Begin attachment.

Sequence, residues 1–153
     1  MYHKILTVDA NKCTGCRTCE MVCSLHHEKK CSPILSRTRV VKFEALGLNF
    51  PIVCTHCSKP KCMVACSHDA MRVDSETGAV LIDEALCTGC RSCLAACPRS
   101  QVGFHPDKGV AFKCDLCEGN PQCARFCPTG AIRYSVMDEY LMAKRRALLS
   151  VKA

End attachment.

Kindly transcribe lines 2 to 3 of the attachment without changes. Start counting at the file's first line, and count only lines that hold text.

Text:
     1  MYHKILTVDA NKCTGCRTCE MVCSLHHEKK CSPILSRTRV VKFEALGLNF
    51  PIVCTHCSKP KCMVACSHDA MRVDSETGAV LIDEALCTGC RSCLAACPRS